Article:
This page is part of the web mail archives of SRFI 50 from before July 7th, 2015. The new archives for SRFI 50 contain all messages, not just those from before July 7th, 2015.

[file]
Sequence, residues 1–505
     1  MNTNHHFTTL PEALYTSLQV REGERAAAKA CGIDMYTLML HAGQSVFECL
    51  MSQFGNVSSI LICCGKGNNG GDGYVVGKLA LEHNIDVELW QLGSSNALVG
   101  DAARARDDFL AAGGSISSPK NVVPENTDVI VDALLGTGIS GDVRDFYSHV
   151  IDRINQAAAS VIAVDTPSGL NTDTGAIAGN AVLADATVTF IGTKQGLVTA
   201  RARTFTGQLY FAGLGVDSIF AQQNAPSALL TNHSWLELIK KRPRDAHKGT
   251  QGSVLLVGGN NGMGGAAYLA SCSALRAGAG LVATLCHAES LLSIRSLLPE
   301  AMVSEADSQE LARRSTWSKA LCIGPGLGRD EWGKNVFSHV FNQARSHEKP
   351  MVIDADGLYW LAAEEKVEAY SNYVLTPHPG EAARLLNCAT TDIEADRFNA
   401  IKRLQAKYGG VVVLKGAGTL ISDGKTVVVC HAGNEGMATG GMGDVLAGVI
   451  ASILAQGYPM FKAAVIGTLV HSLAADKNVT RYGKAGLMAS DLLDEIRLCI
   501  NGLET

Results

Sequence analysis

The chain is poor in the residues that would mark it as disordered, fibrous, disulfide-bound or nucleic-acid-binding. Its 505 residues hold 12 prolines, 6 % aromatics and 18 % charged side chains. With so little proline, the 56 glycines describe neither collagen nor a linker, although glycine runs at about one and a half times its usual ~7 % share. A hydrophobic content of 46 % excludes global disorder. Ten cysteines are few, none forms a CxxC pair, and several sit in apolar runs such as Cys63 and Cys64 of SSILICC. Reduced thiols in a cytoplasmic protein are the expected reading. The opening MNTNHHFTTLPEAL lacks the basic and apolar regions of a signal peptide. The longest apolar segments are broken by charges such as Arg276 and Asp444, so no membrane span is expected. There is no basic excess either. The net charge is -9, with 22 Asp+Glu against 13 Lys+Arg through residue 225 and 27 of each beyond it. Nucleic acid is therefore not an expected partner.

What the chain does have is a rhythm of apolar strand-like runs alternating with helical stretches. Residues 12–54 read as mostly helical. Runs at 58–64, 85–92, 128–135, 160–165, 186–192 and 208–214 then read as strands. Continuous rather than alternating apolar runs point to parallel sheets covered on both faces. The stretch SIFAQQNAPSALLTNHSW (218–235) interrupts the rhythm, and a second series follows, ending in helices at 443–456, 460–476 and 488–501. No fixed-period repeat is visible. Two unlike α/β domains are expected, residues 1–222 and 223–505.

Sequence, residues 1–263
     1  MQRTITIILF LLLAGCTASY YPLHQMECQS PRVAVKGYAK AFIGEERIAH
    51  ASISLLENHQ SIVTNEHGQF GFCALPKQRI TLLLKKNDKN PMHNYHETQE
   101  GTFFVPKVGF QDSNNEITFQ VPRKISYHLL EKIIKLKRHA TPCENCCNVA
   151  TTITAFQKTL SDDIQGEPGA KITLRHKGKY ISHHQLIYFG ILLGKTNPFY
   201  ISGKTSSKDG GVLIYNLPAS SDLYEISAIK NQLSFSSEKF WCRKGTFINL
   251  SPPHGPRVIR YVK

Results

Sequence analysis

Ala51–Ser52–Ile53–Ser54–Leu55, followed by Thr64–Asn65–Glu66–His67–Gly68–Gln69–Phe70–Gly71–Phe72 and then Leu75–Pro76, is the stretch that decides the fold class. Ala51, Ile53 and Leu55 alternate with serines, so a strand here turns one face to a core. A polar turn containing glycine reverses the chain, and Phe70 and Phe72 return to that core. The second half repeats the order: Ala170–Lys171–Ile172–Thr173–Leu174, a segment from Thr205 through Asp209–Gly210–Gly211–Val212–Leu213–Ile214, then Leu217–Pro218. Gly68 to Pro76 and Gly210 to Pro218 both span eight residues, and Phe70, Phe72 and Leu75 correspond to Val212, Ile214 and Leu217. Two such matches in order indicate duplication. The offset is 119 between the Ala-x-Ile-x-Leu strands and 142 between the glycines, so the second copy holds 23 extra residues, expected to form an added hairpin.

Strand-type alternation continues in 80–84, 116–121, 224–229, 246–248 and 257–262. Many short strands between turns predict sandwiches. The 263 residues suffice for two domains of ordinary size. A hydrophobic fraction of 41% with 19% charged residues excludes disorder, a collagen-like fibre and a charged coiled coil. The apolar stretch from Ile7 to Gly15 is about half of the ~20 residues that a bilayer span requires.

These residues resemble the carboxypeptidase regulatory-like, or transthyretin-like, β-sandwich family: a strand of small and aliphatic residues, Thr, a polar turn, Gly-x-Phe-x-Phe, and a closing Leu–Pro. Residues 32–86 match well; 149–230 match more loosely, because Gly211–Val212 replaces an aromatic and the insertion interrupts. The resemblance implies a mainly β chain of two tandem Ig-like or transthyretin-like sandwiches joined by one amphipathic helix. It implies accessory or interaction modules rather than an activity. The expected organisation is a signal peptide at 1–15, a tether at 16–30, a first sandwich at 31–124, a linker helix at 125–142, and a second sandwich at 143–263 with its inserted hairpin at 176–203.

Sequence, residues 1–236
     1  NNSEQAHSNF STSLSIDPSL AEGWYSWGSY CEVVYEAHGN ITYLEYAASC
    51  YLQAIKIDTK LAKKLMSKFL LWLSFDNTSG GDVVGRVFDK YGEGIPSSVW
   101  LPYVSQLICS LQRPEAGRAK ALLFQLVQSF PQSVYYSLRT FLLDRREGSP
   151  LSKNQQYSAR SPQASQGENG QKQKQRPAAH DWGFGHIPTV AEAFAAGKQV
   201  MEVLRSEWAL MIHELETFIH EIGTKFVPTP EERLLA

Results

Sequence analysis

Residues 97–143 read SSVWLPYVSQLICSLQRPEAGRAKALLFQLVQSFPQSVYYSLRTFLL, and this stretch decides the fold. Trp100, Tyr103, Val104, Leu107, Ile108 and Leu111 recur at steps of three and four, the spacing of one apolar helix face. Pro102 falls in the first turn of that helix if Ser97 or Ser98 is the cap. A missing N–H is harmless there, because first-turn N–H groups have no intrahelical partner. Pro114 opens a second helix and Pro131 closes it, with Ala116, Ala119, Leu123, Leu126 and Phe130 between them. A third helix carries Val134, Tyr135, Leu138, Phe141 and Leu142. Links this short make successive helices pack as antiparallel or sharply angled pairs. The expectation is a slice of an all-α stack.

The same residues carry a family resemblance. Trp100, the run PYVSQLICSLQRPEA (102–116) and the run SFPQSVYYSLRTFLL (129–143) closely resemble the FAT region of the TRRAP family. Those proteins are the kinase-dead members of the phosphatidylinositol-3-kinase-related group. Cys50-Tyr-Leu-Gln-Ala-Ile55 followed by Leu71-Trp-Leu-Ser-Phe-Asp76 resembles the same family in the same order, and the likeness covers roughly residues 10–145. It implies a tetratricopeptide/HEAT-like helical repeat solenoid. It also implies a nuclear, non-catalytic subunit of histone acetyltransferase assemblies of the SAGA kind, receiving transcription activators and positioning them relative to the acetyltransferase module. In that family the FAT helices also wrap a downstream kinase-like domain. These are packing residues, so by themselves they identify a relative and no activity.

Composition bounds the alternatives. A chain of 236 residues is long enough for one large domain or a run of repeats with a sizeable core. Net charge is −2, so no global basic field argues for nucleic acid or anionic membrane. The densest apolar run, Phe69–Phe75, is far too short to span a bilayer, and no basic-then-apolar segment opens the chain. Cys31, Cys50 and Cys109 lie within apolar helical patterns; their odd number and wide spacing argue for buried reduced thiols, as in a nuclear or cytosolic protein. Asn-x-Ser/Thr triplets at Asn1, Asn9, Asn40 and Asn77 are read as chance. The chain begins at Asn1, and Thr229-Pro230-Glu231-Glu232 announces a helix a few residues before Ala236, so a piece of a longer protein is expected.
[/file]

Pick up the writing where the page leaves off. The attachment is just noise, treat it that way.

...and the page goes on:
> From: Shiro Kawai <shiro@xxxxxxxx> > > but all implementations must either refuse to read > > "\U+30AB.\U+309A." > > or have > > (string-length "\U+30AB.\U+309A.") => 2 > I see. I think it's reasonable and acceptable. EUCJP > implementation can inform the user that it can't read the constant. > > There are a couple of edge cases that I'd like to be clearer. > > Can it map U+30AB to EUCJP #xA5AB, and U+309A to some > alternative character that designates unrecognized character? > (U+3013 is used in Japan traditionally). It'll satisfy > codepoint index requirements. Though > (string-ref "\U+30AB.\U+309A." 1) would be a surprise. > This can be either way---if it's not allowed in the proposal, > I can provide a flag so the implementation can behave either > "strictly conforming Unicode API" or "loose mode". If your implementation can read: "\U+30AB.\U+309A." doesn't that mean it should also read: (list #\U+30AB #\U+309A) I'm not sure how to reconcile those. > Another edge case. Suppose U+30AB and U+309A codepoints are > written directly (without escaping) in the source code. > EUCJP implementation can still load such a file, if it is informed > that the source is in one of Unicode CES. It will convert > those two codepoints into one EUCJP #xA5AB character during > reading, so it'll produce a string of one character. > Is it an out of scope of the Unicode API? I specifically mean the R6RS recommendations to _not_ preclude that interpretation. Yes, you should be able to read that string constant from some Unicode stream and wind up with a one character string constant. If someone writes a non-portable program that says "This program assumes that all string constants are Unicode [and, in such and such a canonicalization form, etc.]" then that program wouldn't necessarily run correctly on your implementation. -t